Najib El-Sayed, associate professor in the University of Maryland's College of Chemical and Life Sciences, led the transatlantic research team, along with Matthew Berriman of the UK's Wellcome Trust Sanger Institute. Their work is published in the July 16, 2009 edition of Nature and featured on the journal's cover.
Schistosomiasis is one of several neglected tropical diseases prevalent across much of Africa, Asia, and South America and affects mainly poor populations living in areas where water is unsafe, sanitation inadequate, and basic health care unavailable. It impacts adults and children's capacity to work and learn, and often leads to death. Knowing this parasite's genome sequence, scientists will now be able to develop much-needed new treatments for schistosomiasis, for which a vaccine does not yet exist. The drug commonly used to treat this parasitic infection does not prevent re-infection, and there are growing reports of drug resistance and treatment failures.
"We have used state of the art genetic and computational approaches to decipher the genome of this pathogen and to facilitate drug discovery," said El-Sayed, senior author of the paper. "Many promising leads for drug development targets have emerged."
The paper reports the analysis of approximately 12,000 genes encoded in the nuclear DNA of Schistosoma mansoni, the flatworm that causes schistosomiasis. This comprehensive genome sequence enabled researchers to map out metabolic networks that are essential to survival of the parasite, thereby revealing potential areas of vulnerability. Through bioinformatics and chemogenomic screens, the study also explores cost effective ways to develop new therapies, such as the possibility that existing pharmaceutical drugs might be used to target schistosomiasis.
"We deliberately looked for similarities between us and the parasite so that we may be able to exploit the activities of existing drugs, marketed for different purposes" said Berriman (joint senior author) of the study.
The researchers compared S. mansoni genes with known 'druggable' protein targets of the human host and human-infective pathogens in use by pharmaceuticals on the market; matches indicate potential for existing drugs to be repurposed as anti-schistosomal drugs.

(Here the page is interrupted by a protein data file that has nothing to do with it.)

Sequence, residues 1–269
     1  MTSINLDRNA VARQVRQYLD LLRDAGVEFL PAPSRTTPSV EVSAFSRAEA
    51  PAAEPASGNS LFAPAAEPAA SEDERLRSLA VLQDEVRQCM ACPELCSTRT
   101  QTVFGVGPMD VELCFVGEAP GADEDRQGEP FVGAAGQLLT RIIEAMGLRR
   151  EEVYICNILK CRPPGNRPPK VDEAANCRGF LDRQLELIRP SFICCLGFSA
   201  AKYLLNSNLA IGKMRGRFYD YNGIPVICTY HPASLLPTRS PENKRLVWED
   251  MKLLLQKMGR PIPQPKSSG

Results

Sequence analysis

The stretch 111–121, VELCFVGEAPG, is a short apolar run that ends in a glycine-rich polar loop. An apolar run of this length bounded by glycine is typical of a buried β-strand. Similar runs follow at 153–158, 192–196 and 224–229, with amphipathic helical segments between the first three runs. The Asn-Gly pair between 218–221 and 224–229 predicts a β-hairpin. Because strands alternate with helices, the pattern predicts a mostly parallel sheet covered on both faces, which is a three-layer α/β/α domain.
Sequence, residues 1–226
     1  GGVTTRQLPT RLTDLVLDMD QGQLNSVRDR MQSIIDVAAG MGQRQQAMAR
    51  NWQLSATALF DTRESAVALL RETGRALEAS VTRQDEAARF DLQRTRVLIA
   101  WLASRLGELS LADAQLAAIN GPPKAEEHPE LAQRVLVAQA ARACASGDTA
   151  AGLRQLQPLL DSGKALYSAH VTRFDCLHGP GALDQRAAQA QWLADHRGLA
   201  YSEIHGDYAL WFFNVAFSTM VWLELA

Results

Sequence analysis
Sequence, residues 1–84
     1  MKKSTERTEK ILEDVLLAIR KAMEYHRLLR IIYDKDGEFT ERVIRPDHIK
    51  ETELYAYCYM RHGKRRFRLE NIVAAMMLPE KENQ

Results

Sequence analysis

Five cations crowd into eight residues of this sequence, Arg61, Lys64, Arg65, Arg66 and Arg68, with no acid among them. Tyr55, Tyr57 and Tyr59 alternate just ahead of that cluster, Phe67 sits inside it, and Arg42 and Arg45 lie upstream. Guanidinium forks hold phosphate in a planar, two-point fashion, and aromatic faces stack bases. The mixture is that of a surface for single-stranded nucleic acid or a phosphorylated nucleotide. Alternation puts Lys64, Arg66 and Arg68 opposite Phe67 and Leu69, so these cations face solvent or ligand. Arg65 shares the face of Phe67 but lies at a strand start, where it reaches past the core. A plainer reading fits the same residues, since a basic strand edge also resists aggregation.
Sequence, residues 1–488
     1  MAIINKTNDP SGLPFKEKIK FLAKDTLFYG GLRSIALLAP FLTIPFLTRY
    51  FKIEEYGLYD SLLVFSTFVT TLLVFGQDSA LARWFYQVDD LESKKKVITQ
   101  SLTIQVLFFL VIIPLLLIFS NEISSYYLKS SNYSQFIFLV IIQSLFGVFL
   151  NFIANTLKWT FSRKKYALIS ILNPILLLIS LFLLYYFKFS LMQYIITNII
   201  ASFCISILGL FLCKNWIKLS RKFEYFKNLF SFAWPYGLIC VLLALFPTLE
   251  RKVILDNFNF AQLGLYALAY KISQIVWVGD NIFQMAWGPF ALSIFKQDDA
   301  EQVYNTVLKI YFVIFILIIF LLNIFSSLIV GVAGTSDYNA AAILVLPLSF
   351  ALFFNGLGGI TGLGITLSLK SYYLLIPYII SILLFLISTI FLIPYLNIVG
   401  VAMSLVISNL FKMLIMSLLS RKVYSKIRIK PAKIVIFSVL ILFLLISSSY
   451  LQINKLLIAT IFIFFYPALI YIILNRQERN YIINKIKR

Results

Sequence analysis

"The accomplishment of sequencing the S. mansoni genome is the critical first step in developing the drugs and vaccines we urgently need to effectively combat schistosomiasis," said Peter Hotez, Distinguished Research Professor and Chair of the Department of Microbiology, Immunology, and Tropical Medicine at George Washington University and President of the Sabin Vaccine Institute. "It is one of the most important neglected tropical diseases, with evidence suggesting that it may be as important as better known conditions such as malaria or HIV, because of the number of people it affects with chronic, debilitating infections."
For a sidebar with S. mansoni image: The S. mansoni parasite has a complex life cycle, perpetuated by poor water conditions. The parasite's eggs hatch in water, enter into snail hosts, then travel to human hosts through contaminated water sources, such as bathing and swimming areas. The mature fluke worm grows in the human blood vessel system, depositing eggs around the bladder or intestines, which triggers the formation of excess connective tissue in those regions. The parasite's eggs are passed to the liver or exit through the urine or feces, continuing the cycle of infection.
This work was supported primarily by grants from the National Institutes of Health (NIAID) and the Wellcome Trust. For further information, please contact Najib El-Sayed by e-mail at firstname.lastname@example.org or by telephone at +1 (301) 405-2999.
Najib El-Sayed is an Associate Professor of Cell Biology and Molecular Genetics with a joint appointment in the Center for Bioinformatics and Computational Biology at the University of Maryland Institute for Advanced Computer Studies (UMIACS). He is also affiliated with the Maryland Pathogen Research Institute (MPRI). The El-Sayed research group is currently focused on decoding and comparing the genomes of a variety of human pathogens (with the goal of better understanding mechanisms of virulence) and unveiling interactions between pathogen and host proteins. Another ongoing project uses metagenomic approaches to investigate the gut microbial population in children with autism spectrum disease.
July 16 Issue of Nature: http://www.nature.com/nature/index.html
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